Ms He Ting Ru asked the Minister for Trade and Industry in light of the COVID-19 situation in China (a) whether the Ministry anticipates any disruptions in key supply chains for Singapore; (b) if so, which areas are expected to be harder hit; and (c) what measures are being taken to address these potential disruptions.
The Minister of State for Trade and Industry (Ms Low Yen Ling) (for the Minister for Trade and Industry): Mr Speaker, the COVID-19 situation in China is currently evolving. While we do not anticipate any major sustained disruptions in the supply chains of essential goods to Singapore, in the short term, we may see some localised disruptions in China’s production capabilities and supply chains.
However, over the past few years, companies in Singapore have strengthened their business continuity plans as well as supply chain resilience plans, and we encourage them to continue doing so, to mitigate supply chain disruptions.
Mr Speaker: Ms He Ting Ru.
Ms He Ting Ru (Sengkang): I thank the Minister of State for the response. I note that we do not really anticipate any major disruptions, but I also would like to ask whether we do anticipate any short-term or medium-term price or financial impacts from any disruptions, short-term disruptions, out of this.
Ms Low Yen Ling: Mr Speaker, I thank the Member, Ms He Ting Ru, for her supplementary question. Like I have mentioned in my main answer, we have studied the situation very closely and in fact, since a few months back.
The current COVID-19 situation in China is still unfolding – like what Minister Ong Ye Kung and Minister Iswaran mentioned in their Ministerial Statements yesterday – as China continues to take steps to open their borders and transit to a new normal.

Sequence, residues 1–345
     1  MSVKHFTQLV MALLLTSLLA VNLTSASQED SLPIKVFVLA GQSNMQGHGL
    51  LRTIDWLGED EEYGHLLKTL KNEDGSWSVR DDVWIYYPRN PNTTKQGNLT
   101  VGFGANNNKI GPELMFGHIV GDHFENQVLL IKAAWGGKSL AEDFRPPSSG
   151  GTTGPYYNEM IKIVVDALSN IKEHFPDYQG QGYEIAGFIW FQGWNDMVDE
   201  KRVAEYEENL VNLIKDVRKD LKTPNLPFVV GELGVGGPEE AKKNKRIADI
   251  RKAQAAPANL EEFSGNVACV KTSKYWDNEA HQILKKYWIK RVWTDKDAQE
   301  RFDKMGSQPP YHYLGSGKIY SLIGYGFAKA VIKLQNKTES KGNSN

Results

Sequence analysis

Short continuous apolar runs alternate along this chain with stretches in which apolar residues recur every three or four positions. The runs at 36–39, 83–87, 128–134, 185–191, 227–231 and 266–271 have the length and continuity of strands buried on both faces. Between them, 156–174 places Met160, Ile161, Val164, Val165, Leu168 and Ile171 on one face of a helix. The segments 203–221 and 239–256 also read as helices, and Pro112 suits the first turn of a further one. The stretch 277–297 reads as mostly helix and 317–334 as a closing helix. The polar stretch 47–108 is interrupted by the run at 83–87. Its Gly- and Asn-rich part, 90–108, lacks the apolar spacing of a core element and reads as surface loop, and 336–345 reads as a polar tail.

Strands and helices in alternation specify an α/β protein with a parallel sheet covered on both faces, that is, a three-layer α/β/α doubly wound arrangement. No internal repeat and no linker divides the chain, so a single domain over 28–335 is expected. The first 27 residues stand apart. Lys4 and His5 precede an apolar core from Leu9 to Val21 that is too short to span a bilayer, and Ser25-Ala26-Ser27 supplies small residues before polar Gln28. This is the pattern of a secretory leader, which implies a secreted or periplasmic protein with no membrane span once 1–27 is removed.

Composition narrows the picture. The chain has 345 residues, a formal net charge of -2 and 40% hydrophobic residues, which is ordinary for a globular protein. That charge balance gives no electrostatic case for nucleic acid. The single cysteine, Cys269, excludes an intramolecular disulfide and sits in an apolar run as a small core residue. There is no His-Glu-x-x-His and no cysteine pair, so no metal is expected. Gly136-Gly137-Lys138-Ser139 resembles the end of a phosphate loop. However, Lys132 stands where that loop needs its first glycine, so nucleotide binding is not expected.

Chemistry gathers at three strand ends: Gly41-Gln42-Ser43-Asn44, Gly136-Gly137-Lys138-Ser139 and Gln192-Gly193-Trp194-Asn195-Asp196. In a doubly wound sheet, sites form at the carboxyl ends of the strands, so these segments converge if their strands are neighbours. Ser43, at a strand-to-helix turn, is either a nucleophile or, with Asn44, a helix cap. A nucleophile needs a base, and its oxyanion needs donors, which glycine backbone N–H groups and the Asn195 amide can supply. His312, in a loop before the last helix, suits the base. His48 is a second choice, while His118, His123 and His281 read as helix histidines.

MTI and all our economic agencies, including EDB, which is working with MNCs, with suppliers, with partners in China, as well as Enterprise Singapore working with Singapore companies with operations in China and also suppliers in China, we are working very closely with the companies via EDB, Enterprise Singapore and also the industry and trade association.
Our sensing is, at this juncture, we are not expecting any major sustained, disruption in the supply chain of goods from China to Singapore. However, in the short term, that could be some localised disruptions in China’s production capabilities and supply chains.
Let me share a little bit more. For example, we work very closely with companies with suppliers and operations in China and they shared with us that as they look into 2023, and as they look at the situation unfolding in China, they do not anticipate any major supply disruptions in China.
Our key imports from China includes electronics and that is not disproportionate to the world. Electronics, machinery, metals and metal products, which are primarily used by the businesses in manufacturing and construction sector. Since early 2020, we have been working with these two sectors – in fact, with many other sectors – to future-proof themselves against supply chain disruption risks.
They have done a few things. One, they have strengthened their business continuity plans. They have also stepped up their supplier diversification and build up their inventory buffers to better prepare for any supply chain disruption. They shared that they have prepared for such scenarios because just like in the last three years, from time to time, as long as any province in China detect a COVID-19 situation, there will be a shutdown. So, they have prepared for such situations and they are fairly confident that they will be able to tide through this period.
Ministry of Trade and Industry
10 January 2023